Feel free to add comments in the PR if you want it


Does that pass the test suite?


I'm very green on Clojure, but I think that instead of reversing the list of ints, you could load them into a vector and use peek and pop for more efficiency. Someone will have to correct me if I'm wrong.


On the "double-two-by-two" function


is there a way to have all my clojure repls or namespaces or whatever have the doc feature included? I find myself using it all the time and haven't figured out when I have access to it or not.


I basically want to be able to look up functions like (doc inc) whenever needed.


in a new ns (after your initial one) you can (use 'clojure.repl) to access doc, etc.


there might be a trick to making sure clojure.repl is always in repl scope...


that's my hope. It's not a huge deal but just curious. Like if I create a new app in leiningen and start the repl, clojure.repl seems to work right in that namespace. but other times, I'll start a different repl, be in the user namespace and still not have the functionality


if you use CIDER, there is a menu accessed by hitting , (comma) in the repl that has require-repl-utils that i use often


i wished the doc's and source macros worked with functions that are defined in your own namespaces. it doesn't seem to work like that


doc does, source only works if you load your code from a file (which CIDER doesn't do for typical workflows)


why wouldn't core doc definitions just be included by default on all namespaces? does it use any resources?


but you can use load-file or (require 'some.ns :reload) in the repl, after that source works on things from that file


@chase-lambert the docs themselves are attached to the vars they document, it's a design decision that clojure.repl isn't automatically visible in every new namespace


cool. i'll work around it. no biggy. for some reason looking up docs as I learn doesn't take me out of flow. but seeing a unable to resolve symbol error instead makes my eye twitch


just use the full name of the function


(clojure.repl/doc ...)


that will even work in namespaces that don't have clojure.core referred


or stop switching namespaces, there really is very little reason that your repl's namespace should ever not be user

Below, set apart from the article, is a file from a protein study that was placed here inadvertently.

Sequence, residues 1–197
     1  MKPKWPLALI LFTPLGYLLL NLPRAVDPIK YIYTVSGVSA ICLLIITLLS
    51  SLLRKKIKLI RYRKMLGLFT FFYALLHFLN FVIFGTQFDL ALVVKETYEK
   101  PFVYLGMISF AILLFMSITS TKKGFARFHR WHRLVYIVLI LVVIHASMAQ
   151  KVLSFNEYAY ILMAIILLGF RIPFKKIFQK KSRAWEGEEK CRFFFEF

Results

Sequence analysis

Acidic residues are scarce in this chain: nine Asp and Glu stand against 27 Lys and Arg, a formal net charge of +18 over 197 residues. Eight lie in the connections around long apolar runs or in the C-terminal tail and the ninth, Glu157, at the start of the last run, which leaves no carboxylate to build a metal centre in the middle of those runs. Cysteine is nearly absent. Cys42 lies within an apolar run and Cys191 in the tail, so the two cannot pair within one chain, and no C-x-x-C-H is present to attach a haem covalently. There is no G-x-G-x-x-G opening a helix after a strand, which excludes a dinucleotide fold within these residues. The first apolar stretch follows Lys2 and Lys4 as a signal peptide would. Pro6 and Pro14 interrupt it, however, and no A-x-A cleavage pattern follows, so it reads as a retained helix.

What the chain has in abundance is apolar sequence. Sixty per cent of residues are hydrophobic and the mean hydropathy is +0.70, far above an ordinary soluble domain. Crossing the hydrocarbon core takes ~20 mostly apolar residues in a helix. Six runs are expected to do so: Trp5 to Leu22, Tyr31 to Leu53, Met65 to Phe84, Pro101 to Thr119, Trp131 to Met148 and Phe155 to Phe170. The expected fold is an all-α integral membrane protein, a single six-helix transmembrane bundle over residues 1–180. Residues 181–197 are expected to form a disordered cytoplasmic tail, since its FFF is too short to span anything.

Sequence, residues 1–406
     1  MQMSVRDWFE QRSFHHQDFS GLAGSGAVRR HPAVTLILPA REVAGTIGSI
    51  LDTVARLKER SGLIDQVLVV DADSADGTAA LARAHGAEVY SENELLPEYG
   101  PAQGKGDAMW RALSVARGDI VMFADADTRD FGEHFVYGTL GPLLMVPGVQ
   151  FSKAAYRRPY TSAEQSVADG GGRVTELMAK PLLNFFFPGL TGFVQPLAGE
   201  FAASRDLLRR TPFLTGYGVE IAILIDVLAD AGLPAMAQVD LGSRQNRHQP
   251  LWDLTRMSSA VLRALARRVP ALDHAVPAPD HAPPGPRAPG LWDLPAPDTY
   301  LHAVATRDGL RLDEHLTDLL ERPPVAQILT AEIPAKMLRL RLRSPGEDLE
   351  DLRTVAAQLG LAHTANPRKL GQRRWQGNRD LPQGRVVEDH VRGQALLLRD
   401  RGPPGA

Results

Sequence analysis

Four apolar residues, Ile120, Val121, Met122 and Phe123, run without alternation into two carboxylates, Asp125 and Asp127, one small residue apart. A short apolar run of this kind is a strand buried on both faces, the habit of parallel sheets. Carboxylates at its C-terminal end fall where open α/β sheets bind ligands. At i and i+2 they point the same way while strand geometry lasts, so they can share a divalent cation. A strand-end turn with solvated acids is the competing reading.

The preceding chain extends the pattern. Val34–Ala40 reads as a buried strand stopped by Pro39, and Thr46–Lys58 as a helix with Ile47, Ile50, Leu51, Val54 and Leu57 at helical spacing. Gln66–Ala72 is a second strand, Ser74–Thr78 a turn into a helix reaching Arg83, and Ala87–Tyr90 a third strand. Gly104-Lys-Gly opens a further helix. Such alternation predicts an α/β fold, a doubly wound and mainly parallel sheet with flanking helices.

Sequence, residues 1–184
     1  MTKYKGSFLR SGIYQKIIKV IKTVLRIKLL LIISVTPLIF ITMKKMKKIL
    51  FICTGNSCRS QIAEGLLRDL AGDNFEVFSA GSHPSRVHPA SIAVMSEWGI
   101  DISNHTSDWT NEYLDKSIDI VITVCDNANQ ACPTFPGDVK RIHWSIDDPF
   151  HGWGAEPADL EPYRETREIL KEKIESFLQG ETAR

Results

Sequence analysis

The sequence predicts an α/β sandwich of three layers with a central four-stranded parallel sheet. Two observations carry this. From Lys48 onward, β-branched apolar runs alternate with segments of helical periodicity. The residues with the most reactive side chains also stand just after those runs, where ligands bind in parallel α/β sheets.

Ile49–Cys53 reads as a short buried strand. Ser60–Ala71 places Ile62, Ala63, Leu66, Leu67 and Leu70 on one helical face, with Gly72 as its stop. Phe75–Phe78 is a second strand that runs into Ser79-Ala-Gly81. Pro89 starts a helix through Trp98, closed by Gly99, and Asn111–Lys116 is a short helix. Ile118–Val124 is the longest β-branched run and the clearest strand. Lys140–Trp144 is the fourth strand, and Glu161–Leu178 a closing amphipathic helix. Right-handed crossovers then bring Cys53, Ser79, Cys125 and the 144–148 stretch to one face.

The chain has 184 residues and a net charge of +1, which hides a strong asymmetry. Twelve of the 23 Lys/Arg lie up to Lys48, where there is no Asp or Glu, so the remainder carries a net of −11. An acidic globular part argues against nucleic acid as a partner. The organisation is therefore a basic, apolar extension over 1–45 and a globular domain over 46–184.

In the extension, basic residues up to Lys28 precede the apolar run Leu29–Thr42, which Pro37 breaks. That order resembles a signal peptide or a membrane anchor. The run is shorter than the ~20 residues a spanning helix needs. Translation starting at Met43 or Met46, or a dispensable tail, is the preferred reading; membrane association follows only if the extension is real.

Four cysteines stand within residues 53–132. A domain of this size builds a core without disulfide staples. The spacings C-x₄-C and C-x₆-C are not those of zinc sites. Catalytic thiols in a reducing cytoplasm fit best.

or open multiple repls in to the same process and keep one of them in user


that's true. i'm realizing i switched a lot of my repls to use rebel-readline and it doesn't have the functionality included in it's user ns on startup.


that sounds like a good ticket for the rebel-readline project


but sometimes when I start a lein repl it starts me in user or it starts me in something like my main file like clojure-noob.core ns. I haven't figured out when it does which


ultimately i think i try out too many fun looking tutorials and examples I find online and it gets me using too many repls or namespaces beyond my current understanding.


Your editor probably has a hot key to shows docs for the current symbol under the cursor @chase-lambert


(a recommended workflow is not to type into your repl but to stay in your code editor and type code there and evaluate it into the REPL with whatever hot key your editor uses)


Have you watched Stu Halloway's talks on "REPL-Driven Development" and "Running With Scissors"?


I think I did but when I was really fresh and just consuming all things clojure. Maybe now that I have a little time under my belt I can rewatch. I have tried to move my work flow to that but when I'm really digging deep into experimenting on a function I am still more productive just staying in the repl until I figure out what I'm doing.


My workflow has developed around using (comment ..) forms in my code that contain what I would previously have typed into the REPL directly. That way you get full editor assist in writing your Clojure code, a history of your would-be REPL session, and it's easier to copy'n'paste your "scratch" code into actual functions and tests that you plan to keep.